A man was left with devastating injuries after he stopped to help following an accident in a “horrendous sequence of events” in “worst ever conditions” on the A19.
Martin Bruce was going too fast for the “poor” conditions on the A19 on August 8 last year when he lost control and slammed into good Samaritans who had stopped in a lay-by to help after an earlier incident, South Tyneside magistrates heard.
The 30-year-old travelling salesman had been overtaking slower cars in his Mercedes when it left the northbound carriageway, near Seaham.
Prosecutor Glenda Beck said: “The weather was very wet with standing water and visibility was reduced from the spray.
“Two witnesses were travelling north and had adjusted their driving style.
“They became aware of the defendant overtaking them in the poor conditions. They believed it was going too fast for the conditions.
“A number of vehicles had stopped in a lay-by near the B1404 to assist other motorists with a previous incident.
“A woman was in her vehicle talking on the phone when she became aware of an overwhelming force, which forced her car from the road and down a grass verge.
“The other injured party was on foot in the lay-by. He recalls a terrific bang and later woke up looking towards the sky.
“He suffered a number of serious injuries.
“The defendant had left the A19 and collided with a parked vehicle.
“Officers attended the scene to deal with the collision. He stated that he had been on the phone at the time of the RTC, on the Bluetooth hands-free.
“He was travelling at 70mph despite the conditions.
“He decided to overtake several vehicles. He disagrees he was too fast, but accepts he should have adjusted his driving to the conditions at the time.
“He maintained the weather was to blame.
“He believed the injured party had been injured as a result of debris and that he had not hit the male.”
The male victim said in a statement: “I use the A19 regularly and this is the worst I’ve ever seen the conditions.”
The 53-year-old and the woman from the Audi were taken to Sunderland Royal Hospital by ambulance. The nature of the woman’s injuries were not revealed in court.
The male was transferred to the RVI in Newcastle later that evening.
Ms Beck said: “His blood pressure dropped and he started to vomit. He was intubated and ventilated.
“He was treated as a major trauma patient and was admitted to the ITU department.”
She said there was a suggestion of a neck fracture, however this was found not to be the case.
He was found to have right rib fractures, lung contusions, a pelvic ring dislocating fracture, a shoulder dislocating fracture and a right neck of fibula fracture.
The man spent six days in the ITU until he was fit for surgery.
An x-ray showed his pelvis and ankle fractures were unstable and he needed surgery eight days after the accident.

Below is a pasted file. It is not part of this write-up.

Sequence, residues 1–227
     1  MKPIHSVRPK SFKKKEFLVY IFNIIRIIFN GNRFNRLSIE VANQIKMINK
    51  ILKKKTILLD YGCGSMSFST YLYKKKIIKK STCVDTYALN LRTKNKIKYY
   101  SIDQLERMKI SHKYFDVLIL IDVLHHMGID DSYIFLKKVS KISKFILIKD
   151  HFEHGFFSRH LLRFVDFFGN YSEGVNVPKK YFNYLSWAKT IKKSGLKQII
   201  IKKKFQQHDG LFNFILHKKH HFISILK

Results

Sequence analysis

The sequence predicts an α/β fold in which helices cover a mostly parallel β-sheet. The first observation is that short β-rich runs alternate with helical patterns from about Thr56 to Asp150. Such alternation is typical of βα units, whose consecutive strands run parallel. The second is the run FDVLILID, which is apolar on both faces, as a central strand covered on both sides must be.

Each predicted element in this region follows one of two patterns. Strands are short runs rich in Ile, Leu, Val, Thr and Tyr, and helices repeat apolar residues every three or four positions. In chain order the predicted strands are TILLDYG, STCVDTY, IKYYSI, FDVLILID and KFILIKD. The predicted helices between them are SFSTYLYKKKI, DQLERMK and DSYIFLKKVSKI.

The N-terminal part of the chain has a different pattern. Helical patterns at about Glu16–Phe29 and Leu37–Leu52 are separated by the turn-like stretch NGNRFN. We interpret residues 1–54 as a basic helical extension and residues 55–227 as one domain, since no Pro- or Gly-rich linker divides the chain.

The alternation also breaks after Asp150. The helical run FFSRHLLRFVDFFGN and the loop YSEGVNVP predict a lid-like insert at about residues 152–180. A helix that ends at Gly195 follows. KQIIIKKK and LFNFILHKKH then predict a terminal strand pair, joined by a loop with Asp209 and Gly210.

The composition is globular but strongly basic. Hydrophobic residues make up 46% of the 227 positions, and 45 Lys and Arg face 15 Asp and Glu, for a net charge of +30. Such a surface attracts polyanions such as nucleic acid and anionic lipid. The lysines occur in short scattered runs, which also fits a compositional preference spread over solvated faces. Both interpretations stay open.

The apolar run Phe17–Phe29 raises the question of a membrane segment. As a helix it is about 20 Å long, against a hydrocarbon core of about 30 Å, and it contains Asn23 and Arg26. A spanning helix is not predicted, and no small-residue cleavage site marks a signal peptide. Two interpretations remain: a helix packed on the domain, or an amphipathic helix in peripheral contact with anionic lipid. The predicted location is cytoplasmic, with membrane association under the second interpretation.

He needed further surgery five days later, to further repair his pelvis and shoulder.
On August 26, he was moved to the major trauma rehabilitation unit. A statement from his consultant, in October, stated that he would likely need extensive rehabilitation therapy.
Bruce, of Galway Road, Grindon, Sunderland, pleaded guilty to driving without due care and attention.
Charlie Carr, defending Bruce, said: “There’s been a an awful lot of talking about the condition of this man. There were two people hurt.
“One was the woman in the passenger’s seat of the Audi.
“There is no doubting that the man suffered significant injuries.
“He had been the driver of a different car that had stopped to help with an earlier incident. He suffered horrific injuries it has to be said.
“It seems to have been a horrendous sequence of events on a very bad day.
“I think you all have experience of the A19 and the great number of crashes with people losing their lives. This appears to have been a particularly bad day.
“The lady in the Audi calls it ‘a terrible road’ in her statement.
“There are daily crashes on that road regardless of the conditions, but it is particularly dangerous with water on the road.
“She said she saw a white van spin out of control. It left the road, which caused her to go into the lay-by.
“She pulls up and it’s quite clear the white van driver was having difficulties that day.
“The man who suffered significant injuries that day doesn’t know whether he was hit by the car or hit by debris. The details are sketchy.
“He is very generous in his statement. He sums it up as ‘one terrible, horrible accident’. The defendant is grateful for that.
“He is ever so aware that this man went out to go to work that day and he had no intention to cause anyone these injuries.
“Other people had difficulty driving that day.
“Yes, he was on the phone, but he was on his Bluetooth.
“He wasn’t speeding but he concedes than in the circumstances he has probably gone a bit too fast for the conditions.”
The court heard the incident has had a major psychological impact on Bruce, which affected his work.
Bruce told magistrates: “I was mentally affected after the accident. I’m now in £12,000 of debt.”
He was fined £600 and was told to pay £85 costs and a £60 surcharge. His driving licence was endorsed with seven points.